Maspeth High School was awarded the National Wildlife Federation’s Eco-Schools USA Green Flag April 25 for its Green Club’s accomplishments, the fifth New York City school to receive the honor and the fourth to win it this year.
“Today you join a really elite group of schools, said Emily Fano, the National Wildlife Federation’s Eco-Schools USA outreach manager, in presenting the flag at a school assembly attended by NWF staff members and city and state officials.
The other New York City Green Flag schools are PS 57 Staten Island, PS 146 Brooklyn, PS 154 Queens and the NYC iSchool in Manhattan.
Eco-Schools encourages schools in 60 countries to conserve natural resources and integrate environmental education into the curriculum.
To win the flag, Maspeth chose to focus on a Consumption and Waste, Energy, and Water project.
“One of the main goals we wanted for our school was to increase recycling,” said 11th-grader and Green Club President Jia Chen. The club cut holes in cardboard box-tops and installed them on top of receptacles to allow only the appropriate materials of either paper or glass, plastics and metal to be discarded.
Green Club advisor Aaron Bell chose Chen and several other students to represent the club on stage during the ceremony because they had shown leadership during the project. Singled out were ninth-graders Anny Delgado and Samira Younas, 10th-grader Thomas Farrell and 11th-graders Lulu Zhou, Iris Chen and Ymani Bethea.
Maspeth reduced trash by 1,938 pounds, which would equal 29,070 trees saved had it all been paper, Fano said. It reduced electricity use by 16,000 kilowatt hours, equivalent to the carbon sequestered by 283 tree seedlings over 10 years, and reduced water usage by 2,787 gallons, enough to fill 70 40-gallon rain barrels, Fano said.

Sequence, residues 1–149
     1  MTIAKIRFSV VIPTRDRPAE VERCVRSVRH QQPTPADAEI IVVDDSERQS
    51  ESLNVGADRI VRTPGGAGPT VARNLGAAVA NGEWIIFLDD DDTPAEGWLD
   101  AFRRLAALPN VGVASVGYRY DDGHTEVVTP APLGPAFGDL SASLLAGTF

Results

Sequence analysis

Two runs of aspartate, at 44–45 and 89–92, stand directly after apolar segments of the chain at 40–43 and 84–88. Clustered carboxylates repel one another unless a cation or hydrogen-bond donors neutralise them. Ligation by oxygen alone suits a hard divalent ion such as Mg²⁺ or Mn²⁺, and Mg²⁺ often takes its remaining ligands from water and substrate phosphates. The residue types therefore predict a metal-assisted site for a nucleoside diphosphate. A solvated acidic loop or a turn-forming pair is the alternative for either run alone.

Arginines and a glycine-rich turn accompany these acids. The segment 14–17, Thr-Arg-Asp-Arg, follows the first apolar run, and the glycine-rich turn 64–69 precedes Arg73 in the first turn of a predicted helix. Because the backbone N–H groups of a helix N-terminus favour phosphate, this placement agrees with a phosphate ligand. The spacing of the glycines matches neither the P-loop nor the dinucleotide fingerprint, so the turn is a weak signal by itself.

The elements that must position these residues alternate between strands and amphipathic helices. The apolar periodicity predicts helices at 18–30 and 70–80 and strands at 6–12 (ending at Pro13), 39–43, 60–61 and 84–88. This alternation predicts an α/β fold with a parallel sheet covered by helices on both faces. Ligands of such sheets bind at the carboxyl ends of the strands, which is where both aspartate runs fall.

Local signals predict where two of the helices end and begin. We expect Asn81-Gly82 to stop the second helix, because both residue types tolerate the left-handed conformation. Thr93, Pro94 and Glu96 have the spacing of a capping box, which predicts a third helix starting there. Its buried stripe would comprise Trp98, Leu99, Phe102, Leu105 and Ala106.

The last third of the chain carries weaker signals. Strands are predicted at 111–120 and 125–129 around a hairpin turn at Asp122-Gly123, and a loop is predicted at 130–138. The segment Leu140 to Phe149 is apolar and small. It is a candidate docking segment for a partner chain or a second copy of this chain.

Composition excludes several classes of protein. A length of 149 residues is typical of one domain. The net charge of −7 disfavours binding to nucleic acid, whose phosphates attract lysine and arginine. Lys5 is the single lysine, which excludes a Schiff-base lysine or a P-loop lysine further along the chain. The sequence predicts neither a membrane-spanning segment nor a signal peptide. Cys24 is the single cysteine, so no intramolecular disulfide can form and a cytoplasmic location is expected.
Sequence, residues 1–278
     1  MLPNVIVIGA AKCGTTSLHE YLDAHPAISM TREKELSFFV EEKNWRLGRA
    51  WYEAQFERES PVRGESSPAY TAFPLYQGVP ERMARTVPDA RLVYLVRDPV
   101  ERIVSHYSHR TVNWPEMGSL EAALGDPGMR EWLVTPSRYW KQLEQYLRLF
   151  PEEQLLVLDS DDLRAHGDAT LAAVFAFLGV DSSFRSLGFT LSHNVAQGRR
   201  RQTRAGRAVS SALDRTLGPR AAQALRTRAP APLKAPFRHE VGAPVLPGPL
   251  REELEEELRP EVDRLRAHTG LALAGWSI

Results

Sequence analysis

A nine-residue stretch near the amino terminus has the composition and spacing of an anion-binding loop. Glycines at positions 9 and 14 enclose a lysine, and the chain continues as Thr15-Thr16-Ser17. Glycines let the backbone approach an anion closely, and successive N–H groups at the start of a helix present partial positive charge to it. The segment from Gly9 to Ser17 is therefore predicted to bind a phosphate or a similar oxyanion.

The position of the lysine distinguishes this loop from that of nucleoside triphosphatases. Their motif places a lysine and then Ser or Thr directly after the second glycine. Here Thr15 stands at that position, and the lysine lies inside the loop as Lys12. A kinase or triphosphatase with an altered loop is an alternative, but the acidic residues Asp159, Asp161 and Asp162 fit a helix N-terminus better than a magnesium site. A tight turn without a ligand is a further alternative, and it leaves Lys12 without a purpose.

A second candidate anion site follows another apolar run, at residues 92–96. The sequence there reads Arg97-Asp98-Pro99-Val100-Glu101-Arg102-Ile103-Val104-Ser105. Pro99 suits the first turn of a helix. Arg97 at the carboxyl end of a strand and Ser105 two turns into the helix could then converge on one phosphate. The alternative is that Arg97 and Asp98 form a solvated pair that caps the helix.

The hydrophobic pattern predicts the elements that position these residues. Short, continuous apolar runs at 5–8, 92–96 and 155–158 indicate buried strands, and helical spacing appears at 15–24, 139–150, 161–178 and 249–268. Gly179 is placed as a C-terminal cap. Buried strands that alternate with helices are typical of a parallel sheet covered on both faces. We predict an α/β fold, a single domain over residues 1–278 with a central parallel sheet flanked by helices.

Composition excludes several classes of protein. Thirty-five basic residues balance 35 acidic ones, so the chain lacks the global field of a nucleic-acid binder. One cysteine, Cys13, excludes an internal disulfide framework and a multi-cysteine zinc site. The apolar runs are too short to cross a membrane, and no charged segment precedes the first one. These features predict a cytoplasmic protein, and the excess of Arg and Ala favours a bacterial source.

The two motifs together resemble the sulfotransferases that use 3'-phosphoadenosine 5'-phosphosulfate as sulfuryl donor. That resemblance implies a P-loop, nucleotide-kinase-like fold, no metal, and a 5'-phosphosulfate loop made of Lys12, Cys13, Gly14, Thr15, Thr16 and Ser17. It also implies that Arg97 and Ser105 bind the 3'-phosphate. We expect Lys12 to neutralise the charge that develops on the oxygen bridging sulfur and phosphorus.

Bell, a biology teacher and the school’s sustainability coordinator, said the project has inspired his teaching. He spent his own money on a classroom “vertical farm” indoor hydroponic garden apparatus.
“We’re making a change now. It doesn’t have to be years away,” Bell said. “We are sustainable, we can be more sustainable, but we’re doing things right now.”
Also at the assembly were state Sen.Joe Addabbo Jr. (D-Howard Beach and City Councilwoman Elizabeth Crowley (D-Middle Village).
Crowley awarded certificates to students who had participated in a recent Million Trees giveaway. And Addabbo told the students that legislators need their ideas.
“If you have an idea of how to protect our environment, of how to make tomorrow a better day, you let me know,” Addabbo said.
“New York City is in the forefront” of environmental efforts, said the National Wildlife Federation’s Curtis Fisher, the Regional Executive Director for the NWF’s Northeast Regional Center. “I think that leadership is in our DNA.”
The Department of Education’s director of sustainability, Sharon Jaye, presented the school with $5,000 for its achievement. She noted that Maspeth is one of only 25 U.S. Green Flag schools,.
The school will use the $5,000 to help build a new greenhouse that will slope against the school courtyard’s north wall, Bell said. The previous greenhouse had blown away because it located in an area of the property that suffers from a wind tunnel effect.
Maspeth’s Green Club began in its previous building as a few students who picked up trash after school, “which was good enough,” said Principal Khurshid Abdul-Mutakabbir. Since moving to a new buildiing two years ago, the club’s efforts have grown greatly, he said.
The club also includes several District 75 special education students and their advisor, Pat Watson, who grew seedlings for the club.